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No excuse for those who hate

COLLEGE students often tweak the nose of ``the establishment'' by welcoming views most Americans find repugnant. This happened last fall when Khalid Abdul Muhammad, the Nation of Islam's No. 2 man behind controversial Minister Louis Farrakhan, spoke at New Jersey's Kean College....

He bemoaned that history condemns the Holocaust, ``but don't nobody ever ask what did they do to Hitler?... a German, in his own country, would almost have to go to a Jew to get money. They had undermined the very fabric of the society.''...

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Amazingly, this doctrine for genocide drew cheers from the black Kean College audience. However, it's gratifying to report that won't happen at Atlanta's Emory University. The Black Law Students Association has pointedly withdrawn an invitation to Muhammad to speak there. Let's hope other student groups, whatever their color, follow suit.... Black hatemongers must be treated with the same contempt as white hatemongers. You don't see many Ku Klux Klan leaders being invited to address college audiences, much less getting cheered.

- The Augusta (Ga.) Chronicle Welfare dependency

AMERICANS are facing a bona fide crisis these days - but it's not the one President Clinton and his administration keep telling us about. Much as they would have us believe that the health-care cost spiral (which is slowing) and a gap in health coverage merit a radical redesign of an essentially sound system, society is crumbling under the weight of the welfare state.

Welfare is subsidizing illegitimacy and holding neither biological parent answerable. That phenomenon, more than anything else, is turning more and more young men into unguided missiles, bent on lives of crime. It is turning more and more young women into largely uneducated and unemployable welfare mothers-in-waiting. Mr. Clinton's real work lies in ending ... welfare dependency. Instead, he would squander his time and our money on fixing a health care system that isn't broken.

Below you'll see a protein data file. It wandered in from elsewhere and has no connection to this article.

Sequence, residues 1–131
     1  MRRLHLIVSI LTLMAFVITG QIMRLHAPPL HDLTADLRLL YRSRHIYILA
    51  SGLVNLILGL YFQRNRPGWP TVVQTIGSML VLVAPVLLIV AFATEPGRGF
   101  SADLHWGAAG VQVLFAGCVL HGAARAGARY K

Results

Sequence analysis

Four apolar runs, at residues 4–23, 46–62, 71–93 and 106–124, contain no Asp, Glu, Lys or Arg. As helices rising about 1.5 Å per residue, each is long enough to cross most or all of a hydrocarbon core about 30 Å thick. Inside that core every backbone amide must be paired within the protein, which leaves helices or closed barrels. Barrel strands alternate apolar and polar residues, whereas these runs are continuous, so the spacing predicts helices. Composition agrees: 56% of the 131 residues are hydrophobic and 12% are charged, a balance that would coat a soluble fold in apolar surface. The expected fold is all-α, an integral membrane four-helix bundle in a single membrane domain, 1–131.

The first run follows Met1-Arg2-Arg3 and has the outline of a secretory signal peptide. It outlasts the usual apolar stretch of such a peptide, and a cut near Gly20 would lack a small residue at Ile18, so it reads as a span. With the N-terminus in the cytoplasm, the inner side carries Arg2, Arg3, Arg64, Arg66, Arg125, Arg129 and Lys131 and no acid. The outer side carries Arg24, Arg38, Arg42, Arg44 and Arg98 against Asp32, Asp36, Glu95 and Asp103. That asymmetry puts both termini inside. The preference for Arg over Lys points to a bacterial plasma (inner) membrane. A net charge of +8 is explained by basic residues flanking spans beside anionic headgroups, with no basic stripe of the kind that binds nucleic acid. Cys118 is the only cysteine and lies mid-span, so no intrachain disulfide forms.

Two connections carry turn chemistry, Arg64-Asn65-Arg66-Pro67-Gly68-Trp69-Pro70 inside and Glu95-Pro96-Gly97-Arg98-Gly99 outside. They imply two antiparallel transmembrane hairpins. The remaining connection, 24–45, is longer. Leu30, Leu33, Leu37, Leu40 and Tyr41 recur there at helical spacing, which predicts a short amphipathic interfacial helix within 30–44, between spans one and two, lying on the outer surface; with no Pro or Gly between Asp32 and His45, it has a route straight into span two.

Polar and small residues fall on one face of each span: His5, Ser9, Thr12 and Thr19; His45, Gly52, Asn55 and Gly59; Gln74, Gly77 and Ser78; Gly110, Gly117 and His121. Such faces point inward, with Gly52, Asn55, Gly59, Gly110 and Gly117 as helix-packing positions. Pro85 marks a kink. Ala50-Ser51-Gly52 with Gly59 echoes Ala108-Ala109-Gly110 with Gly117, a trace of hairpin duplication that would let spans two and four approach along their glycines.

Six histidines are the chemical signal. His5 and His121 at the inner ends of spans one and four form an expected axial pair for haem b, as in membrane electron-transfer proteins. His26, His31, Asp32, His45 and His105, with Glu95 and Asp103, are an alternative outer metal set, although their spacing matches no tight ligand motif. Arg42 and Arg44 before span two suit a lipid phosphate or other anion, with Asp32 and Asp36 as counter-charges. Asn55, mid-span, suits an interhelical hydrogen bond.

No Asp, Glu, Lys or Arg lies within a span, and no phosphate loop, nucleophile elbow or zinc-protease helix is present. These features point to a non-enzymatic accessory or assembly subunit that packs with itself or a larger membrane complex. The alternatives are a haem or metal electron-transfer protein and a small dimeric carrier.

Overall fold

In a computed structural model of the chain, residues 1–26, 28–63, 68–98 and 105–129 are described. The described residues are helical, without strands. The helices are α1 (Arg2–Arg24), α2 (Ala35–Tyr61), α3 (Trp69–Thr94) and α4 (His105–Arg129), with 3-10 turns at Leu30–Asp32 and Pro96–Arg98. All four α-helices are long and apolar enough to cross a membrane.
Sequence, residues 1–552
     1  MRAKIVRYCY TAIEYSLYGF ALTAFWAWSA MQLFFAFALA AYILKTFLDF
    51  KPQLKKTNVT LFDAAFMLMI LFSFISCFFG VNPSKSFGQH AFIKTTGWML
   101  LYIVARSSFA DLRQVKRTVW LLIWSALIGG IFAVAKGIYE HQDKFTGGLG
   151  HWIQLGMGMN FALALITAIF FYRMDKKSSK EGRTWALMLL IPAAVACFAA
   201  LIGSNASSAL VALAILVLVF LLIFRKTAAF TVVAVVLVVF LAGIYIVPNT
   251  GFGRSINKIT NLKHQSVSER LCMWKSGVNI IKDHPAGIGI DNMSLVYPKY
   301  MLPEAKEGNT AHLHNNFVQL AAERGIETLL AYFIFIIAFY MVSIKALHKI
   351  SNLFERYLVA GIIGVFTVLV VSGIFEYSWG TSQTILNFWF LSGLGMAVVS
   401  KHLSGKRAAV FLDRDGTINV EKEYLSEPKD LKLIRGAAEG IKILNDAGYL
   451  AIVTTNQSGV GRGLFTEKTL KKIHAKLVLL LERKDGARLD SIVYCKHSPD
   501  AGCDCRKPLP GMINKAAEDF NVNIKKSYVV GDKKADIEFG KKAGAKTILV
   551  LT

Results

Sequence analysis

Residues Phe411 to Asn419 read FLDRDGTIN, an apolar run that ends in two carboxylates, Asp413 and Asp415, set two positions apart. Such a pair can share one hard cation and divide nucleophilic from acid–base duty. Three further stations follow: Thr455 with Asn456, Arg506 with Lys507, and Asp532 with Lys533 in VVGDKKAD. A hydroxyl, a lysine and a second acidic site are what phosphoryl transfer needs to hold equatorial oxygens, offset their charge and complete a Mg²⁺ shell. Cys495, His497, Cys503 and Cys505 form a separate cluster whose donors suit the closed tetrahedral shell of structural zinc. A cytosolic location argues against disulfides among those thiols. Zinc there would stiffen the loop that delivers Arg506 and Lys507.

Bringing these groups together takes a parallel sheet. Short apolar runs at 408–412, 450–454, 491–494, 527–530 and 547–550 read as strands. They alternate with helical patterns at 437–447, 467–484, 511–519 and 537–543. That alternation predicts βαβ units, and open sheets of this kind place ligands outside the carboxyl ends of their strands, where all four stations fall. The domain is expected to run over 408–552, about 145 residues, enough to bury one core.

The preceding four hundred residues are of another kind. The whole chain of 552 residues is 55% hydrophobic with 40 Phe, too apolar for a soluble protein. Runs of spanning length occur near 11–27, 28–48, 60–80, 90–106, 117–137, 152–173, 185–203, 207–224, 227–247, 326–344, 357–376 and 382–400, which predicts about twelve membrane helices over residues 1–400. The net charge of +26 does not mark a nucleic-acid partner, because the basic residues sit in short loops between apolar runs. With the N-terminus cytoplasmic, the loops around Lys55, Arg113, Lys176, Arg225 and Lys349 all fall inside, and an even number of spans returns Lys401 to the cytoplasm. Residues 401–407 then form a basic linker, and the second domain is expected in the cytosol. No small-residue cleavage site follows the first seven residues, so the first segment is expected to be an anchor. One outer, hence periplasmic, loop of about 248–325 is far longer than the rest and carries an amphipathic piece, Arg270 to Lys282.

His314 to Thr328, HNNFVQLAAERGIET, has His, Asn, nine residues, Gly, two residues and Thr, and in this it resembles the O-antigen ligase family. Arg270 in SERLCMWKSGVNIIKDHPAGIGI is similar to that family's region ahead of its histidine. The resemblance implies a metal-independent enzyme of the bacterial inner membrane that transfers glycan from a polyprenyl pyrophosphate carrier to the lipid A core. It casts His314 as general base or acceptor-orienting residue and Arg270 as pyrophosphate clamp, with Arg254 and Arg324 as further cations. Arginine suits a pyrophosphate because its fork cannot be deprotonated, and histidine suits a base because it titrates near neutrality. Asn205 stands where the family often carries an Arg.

- Clovis (N.M.) News Journal Clinton's tough talk

PRESIDENT Clinton's endorsement of the ``three strikes and you're out'' provision of the Senate's crime bill in his State of the Union message is a master stroke. For by doing so he has deprived Republican opponents of ammunition they might have used to paint him as soft on violent crime....

Mr. Clinton is proving an enigma. One minute he dazzles with his motivation, youth, and grasp of issues. The next he seems a shifty amateur whose personal integrity is being daily called into question. His address ... should go a long way to redressing the balance - especially with the marked improvement in the US economy since he took over.

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- Gulf Daily News, Manama, Bahrain US embargo: not the way to help Cuba

IF the United States can resolve its differences with [Vietnam], a country with which it was at war two decades ago, it seems strange that the normalizing of relations with Cuba is hardly discussed in Washington....

Those parts of the [US] embargo [against Cuba] that deal with communications should be ended - allowing the Cuban people to gain some sense of what is going on in the outside world. Restrictions covering basic food and medicines should be lifted - helping to deprive Fidel Castro Ruz of the charge that the US is either trying to starve Cuba or leave it without the ability to tackle disease. Then Washington should make it clear that - if Cuba complies with the economic conditions for joining the International Monetary Fund and the World Bank - it will not object to Cuban membership of those two institutions. This would provide incentive to change economic policies: political changes in Cuba's overarching state are then almost bound to follow.

- Financial Times, London

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